The difference implies that the virus is much less deadly than it looks, but it also makes contact tracing a daunting challenge.
Westport won’t be using tech to monitor people’s body temperatures or whether they’re properly social distancing.
Their complaints shut down an important pandemic-fighting tool. Fortunately, a substitute plan has been found.
Psychiatric Hospitals Can Still Force Patients to Accept Shock Treatment. One Connecticut Patient Has Been Shocked 500 Times in Five Years.
Despite concerns about efficacy and side effects, courts are slow to act on behalf of patients who don’t want the treatment.
The plaintiffs now have to prove that Remington's advertising was not only "unfair or deceptive" but "a proximate cause" of the attack.
CTPharma's collaboration with Yale researchers seems to be the first clinical trial involving U.S.-grown marijuana that is not supplied by the federal government.
To state Rep. Jillian Gilchrest, “Raising women up” apparently means depriving them of employment opportunities.
A bill in the state legislature would stop cities from seizing property and handing it over to developers.
Occupational licensing programs deprive people of livelihoods and often don't improve public health.
Sure, the public deserves to know what Amazon was getting offered. But it deserved to know all along, too.
Incarcerated prisoners are counted where they're jailed for representation purposes, even though they usually cannot vote.
Gaps in Connecticut's self-defense law lead to 18-month sentence.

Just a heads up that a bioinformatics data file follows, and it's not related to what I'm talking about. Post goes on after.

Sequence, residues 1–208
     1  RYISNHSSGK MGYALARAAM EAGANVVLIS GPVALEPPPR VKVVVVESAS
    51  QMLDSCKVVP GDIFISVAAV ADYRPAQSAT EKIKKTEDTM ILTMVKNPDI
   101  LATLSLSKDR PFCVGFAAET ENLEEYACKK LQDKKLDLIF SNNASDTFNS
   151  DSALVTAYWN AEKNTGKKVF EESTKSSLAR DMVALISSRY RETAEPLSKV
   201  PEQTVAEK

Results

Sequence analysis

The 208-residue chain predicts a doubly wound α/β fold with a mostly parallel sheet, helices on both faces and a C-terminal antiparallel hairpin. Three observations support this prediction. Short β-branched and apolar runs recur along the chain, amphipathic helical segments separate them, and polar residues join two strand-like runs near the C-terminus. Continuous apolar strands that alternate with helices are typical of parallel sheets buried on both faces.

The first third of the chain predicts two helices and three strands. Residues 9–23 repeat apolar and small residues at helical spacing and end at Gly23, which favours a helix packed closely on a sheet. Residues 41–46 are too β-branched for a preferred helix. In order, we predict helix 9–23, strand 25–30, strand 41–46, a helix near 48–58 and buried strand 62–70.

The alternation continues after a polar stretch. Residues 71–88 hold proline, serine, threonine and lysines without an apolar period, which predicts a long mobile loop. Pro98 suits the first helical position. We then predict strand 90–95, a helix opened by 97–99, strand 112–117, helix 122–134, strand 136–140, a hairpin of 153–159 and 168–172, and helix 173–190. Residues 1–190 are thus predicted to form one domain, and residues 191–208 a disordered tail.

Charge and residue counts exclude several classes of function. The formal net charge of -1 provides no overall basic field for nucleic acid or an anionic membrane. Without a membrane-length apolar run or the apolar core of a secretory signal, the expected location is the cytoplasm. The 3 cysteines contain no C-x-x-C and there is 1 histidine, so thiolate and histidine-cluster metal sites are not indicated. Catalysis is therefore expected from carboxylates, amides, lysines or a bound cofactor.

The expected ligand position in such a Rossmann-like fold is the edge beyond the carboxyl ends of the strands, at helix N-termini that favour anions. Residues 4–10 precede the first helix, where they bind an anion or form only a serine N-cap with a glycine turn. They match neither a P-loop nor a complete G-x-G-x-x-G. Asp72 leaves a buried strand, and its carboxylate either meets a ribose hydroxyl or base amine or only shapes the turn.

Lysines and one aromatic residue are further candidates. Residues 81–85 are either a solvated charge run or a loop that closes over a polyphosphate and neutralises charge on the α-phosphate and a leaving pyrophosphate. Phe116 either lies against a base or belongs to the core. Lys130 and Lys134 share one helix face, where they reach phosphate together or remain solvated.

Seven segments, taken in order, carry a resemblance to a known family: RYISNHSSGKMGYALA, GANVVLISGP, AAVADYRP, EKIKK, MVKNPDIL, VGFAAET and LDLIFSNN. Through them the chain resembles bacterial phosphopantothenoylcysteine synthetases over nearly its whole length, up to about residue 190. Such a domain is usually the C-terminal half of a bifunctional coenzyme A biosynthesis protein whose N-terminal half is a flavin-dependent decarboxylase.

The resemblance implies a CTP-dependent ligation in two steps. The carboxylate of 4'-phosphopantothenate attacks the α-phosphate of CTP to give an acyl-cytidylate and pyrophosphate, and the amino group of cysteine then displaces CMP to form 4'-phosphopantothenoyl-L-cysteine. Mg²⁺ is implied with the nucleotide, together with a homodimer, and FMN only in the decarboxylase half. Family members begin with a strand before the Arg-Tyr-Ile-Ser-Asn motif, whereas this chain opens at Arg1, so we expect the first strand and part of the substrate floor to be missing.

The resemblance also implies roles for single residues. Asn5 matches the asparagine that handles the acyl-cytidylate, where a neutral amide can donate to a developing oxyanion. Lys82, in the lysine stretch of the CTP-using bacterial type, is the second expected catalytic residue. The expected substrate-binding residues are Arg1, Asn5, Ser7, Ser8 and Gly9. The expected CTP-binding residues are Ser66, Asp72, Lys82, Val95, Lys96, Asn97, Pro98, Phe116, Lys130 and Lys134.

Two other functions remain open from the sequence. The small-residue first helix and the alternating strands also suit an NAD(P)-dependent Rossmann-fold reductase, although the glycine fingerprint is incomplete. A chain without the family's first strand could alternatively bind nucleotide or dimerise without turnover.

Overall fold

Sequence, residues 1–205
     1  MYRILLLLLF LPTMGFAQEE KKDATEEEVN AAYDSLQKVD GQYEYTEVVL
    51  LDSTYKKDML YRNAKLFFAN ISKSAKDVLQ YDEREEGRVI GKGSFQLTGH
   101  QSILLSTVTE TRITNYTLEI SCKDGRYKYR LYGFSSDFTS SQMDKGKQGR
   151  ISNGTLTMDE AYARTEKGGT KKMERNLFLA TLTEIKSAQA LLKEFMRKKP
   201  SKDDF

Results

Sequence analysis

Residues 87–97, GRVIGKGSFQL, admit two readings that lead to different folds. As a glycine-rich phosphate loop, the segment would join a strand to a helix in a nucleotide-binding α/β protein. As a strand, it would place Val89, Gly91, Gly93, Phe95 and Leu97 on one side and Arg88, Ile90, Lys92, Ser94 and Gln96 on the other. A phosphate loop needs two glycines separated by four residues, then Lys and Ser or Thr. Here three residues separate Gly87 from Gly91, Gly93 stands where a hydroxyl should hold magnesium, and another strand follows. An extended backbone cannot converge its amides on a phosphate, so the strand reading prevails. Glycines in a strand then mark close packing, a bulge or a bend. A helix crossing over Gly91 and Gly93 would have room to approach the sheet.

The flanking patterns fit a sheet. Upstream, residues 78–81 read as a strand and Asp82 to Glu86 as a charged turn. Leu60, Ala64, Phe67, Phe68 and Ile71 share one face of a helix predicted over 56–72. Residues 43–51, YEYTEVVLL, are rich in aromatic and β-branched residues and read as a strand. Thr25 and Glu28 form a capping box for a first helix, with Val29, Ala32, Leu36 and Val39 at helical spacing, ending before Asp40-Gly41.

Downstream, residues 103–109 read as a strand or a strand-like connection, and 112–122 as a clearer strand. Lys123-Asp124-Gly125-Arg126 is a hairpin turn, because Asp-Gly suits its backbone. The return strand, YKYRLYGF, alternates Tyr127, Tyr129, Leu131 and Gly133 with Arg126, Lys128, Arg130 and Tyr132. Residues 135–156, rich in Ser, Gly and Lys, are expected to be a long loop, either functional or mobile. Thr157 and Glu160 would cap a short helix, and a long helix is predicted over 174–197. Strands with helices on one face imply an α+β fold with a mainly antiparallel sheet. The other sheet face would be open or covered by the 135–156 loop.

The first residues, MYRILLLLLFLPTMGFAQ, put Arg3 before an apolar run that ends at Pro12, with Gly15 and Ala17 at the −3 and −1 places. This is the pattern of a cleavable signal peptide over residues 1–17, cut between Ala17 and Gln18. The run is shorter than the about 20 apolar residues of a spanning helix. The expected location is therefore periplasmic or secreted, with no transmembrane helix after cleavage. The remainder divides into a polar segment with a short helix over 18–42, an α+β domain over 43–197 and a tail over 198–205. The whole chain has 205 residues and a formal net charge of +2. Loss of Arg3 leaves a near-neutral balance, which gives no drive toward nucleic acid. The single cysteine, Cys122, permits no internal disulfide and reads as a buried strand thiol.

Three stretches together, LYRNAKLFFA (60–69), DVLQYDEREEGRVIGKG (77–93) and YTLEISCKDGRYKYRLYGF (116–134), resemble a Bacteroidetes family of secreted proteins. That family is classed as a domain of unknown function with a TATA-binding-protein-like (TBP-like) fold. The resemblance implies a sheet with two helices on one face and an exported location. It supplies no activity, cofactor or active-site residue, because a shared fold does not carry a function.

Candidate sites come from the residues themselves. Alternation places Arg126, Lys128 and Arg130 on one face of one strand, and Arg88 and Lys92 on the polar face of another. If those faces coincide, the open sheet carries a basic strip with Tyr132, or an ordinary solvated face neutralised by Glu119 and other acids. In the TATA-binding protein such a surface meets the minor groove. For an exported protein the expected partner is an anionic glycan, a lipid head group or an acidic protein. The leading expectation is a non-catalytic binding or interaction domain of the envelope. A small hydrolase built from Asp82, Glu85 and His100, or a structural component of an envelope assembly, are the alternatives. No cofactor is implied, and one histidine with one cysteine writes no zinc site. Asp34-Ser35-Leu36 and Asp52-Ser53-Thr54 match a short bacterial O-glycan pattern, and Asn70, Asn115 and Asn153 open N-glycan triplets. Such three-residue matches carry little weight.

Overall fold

Stamford, Connecticut, police chief objects to salty language on a sign. That's not a crime.
Displaced by Hurricane Maria, Fully Trained Massage Therapists Can't Work Because They Lack Licenses
Blocked from jobs because they lack occupational licenses, they're turning to welfare instead.
Residents are fleeing Connecticut at a rate of nearly 30,000 per year, but the state's ability to attract foreigners has cushioned the blow.
Carlos Carrion has been growing bamboo in his yard for three decades; suddenly it's a crime.
The bloated public sector is sinking the Nutmeg State.
New England's Illinois: Connecticut's Budget Mess Shows That States Can't Tax Themselves to Prosperity
Dems want higher taxes on e-cigarettes, cellphone bills, vacation homes, hospitals, cigarettes, hotel rooms, Uber, nonprescription drugs, and fantasy sports.
Connecticut spent too much money, and now vapers and small businesses have to pay the price.
But keep an eye out for a federal loophole.
"Hate speech" is not a crime, Connecticut Supreme Court reminds overzealous prosecutors.
Connecticut is the only state which essentially allows a cartel to set minimum prices for booze.
Legislation tries to end lack of money as an excuse for keeping non-dangerous people in cells until trial.
State also mandates that hotels keep all guest records for six months, train staff on how to spot prostitution.
Perpetually broke Hartford bets big-and stupid-on minor-league ballpark.
The governor thinks the state should stop conspiring with retailers to screw consumers.
Connecticut is the only state that sets minimum prices for wine and spirits.
"You're either for inflated, artificially high prices, or you're against them," says defiant Gov. Malloy.
In which we relate the strange saga of Jasper McLevy, because he probably won't turn up in Sanders' speech